Henry Moore Analysis

Topics: London Underground, Surrealism, Nature Pages: 2 (767 words) Published: June 18, 2013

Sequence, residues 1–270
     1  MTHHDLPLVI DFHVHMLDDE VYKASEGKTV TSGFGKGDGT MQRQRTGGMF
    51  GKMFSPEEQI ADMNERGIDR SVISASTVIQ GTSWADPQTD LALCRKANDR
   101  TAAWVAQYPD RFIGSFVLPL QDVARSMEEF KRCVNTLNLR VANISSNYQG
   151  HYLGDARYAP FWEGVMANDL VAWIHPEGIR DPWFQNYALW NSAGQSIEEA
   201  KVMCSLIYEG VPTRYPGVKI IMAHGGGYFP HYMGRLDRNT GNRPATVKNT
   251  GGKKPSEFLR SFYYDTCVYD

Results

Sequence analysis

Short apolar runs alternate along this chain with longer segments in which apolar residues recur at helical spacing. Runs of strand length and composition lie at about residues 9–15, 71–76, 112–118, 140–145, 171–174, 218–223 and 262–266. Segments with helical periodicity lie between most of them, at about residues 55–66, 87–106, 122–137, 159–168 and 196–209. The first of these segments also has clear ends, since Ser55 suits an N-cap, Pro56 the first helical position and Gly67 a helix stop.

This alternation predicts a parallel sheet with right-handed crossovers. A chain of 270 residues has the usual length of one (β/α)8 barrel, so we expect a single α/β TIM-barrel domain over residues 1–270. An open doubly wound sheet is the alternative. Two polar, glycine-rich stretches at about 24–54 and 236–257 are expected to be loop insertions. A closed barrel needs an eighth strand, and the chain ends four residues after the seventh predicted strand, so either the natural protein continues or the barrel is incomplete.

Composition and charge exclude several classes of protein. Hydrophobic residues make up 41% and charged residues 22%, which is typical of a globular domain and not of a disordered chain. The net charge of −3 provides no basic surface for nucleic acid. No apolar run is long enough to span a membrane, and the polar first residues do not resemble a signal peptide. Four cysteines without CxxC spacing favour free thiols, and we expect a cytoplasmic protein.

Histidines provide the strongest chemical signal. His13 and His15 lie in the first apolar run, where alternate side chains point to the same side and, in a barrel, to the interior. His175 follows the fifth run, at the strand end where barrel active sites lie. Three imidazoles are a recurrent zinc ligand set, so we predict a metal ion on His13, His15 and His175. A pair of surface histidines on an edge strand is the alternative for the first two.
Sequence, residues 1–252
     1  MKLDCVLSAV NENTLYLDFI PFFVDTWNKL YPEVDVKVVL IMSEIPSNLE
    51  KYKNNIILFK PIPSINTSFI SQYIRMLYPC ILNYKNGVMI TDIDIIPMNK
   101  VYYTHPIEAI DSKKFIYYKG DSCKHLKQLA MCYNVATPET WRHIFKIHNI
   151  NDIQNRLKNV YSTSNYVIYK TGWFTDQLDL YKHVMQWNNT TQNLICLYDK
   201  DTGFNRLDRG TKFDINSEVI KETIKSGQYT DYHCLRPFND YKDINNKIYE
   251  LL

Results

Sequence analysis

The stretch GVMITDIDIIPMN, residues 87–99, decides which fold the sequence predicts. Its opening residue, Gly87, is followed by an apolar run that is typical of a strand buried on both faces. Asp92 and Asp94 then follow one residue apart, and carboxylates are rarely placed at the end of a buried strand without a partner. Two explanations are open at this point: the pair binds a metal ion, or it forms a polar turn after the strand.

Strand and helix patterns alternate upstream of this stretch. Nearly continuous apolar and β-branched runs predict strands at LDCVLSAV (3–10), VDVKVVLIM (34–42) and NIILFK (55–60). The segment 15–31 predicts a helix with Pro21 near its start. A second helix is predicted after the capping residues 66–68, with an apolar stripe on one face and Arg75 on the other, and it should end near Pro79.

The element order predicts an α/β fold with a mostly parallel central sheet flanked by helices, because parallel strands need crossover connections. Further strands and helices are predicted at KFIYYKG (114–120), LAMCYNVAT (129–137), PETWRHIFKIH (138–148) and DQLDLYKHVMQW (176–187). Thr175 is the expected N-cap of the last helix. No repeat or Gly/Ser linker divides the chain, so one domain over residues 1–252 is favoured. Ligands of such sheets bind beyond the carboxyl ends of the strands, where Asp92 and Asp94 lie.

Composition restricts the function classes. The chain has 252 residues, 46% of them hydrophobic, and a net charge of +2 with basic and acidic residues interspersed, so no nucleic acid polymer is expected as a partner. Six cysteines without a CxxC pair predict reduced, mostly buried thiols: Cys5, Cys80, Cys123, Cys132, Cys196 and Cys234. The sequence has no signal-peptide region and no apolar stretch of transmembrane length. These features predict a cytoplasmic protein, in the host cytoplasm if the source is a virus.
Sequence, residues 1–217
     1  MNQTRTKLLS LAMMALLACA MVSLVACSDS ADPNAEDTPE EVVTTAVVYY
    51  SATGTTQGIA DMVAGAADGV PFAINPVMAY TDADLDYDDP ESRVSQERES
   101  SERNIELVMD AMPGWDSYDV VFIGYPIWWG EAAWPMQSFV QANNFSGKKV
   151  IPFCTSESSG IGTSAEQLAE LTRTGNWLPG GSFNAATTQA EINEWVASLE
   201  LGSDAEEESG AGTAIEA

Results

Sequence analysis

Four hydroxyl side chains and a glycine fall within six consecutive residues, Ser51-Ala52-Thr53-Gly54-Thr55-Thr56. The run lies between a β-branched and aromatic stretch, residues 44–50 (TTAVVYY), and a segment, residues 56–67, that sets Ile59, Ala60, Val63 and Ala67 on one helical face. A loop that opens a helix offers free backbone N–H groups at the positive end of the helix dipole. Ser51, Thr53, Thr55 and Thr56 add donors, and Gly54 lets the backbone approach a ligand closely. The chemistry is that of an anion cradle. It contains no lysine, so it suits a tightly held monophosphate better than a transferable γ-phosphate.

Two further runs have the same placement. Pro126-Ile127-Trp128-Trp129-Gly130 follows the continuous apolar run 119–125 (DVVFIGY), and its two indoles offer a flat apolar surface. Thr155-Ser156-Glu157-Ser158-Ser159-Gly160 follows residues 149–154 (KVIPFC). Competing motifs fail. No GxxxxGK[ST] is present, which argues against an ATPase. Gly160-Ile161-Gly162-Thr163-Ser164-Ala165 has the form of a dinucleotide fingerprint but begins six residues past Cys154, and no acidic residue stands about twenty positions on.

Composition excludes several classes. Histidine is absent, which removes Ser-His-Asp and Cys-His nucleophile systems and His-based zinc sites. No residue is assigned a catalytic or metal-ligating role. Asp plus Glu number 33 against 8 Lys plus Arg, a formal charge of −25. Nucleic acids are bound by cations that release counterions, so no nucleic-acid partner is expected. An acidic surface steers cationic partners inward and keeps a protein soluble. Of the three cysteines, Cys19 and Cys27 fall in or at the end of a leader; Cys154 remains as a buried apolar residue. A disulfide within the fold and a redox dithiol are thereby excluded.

Henry Moore was born 30.07.1898 and lived for 88 years. Moore would have prioritised his art over his academic study. After numerous visits to the ethnographic collections of the British museum, Europian modernist; i.e Picasso, Arp, Brancusi and Giacometti became influences. Uniting these inspirations was a deeply felt humanist. He often used abstract form to draw comparisons between the human body and landscapes. Moore’s images of figures sheltering in London subway stations sheltering during World War II are still loved. Moore loves drawing from the human figure ‘studied it for half my life’ he quoted. Moore believes that our bodies help us understand nature and are the biggest influence on art. ‘If our bodies were the sizes of elephants, the whole scale of architecture and art would be different.’ Moore loves landscape as well as figures, ‘if landscape was different, all of our lives would be different. You can’t get away from nature.’ He believes that it is ridiculous for something to have no real connection to real life and nature. During the 1930’s, Moore became experimental with abstract and was inspired by surrealism. Surrealism shaped his mature style; it encouraged his love for biomorphic forms and also suggested how the figure could be split into parts and reduced to essentials. Henry Moore takes natural/ realistic things and uses abstract form to rearrange and magnify them to show hidden quality. Moore’s etchings are quality to viewers because of the expression and liveliness they carry each appropriate to what the image is. In the 1960s Henry Moore became so intrigues by the skull of an African elephant kept in the garden of his friends that eventually they gave the skull to him, Moore examined the object’s internal and external features through a number of etchings. When Moore published these works, he called them “a mixture of observation and imagination,” as while he studied and drew the skull up close he “could begin to see in it great...
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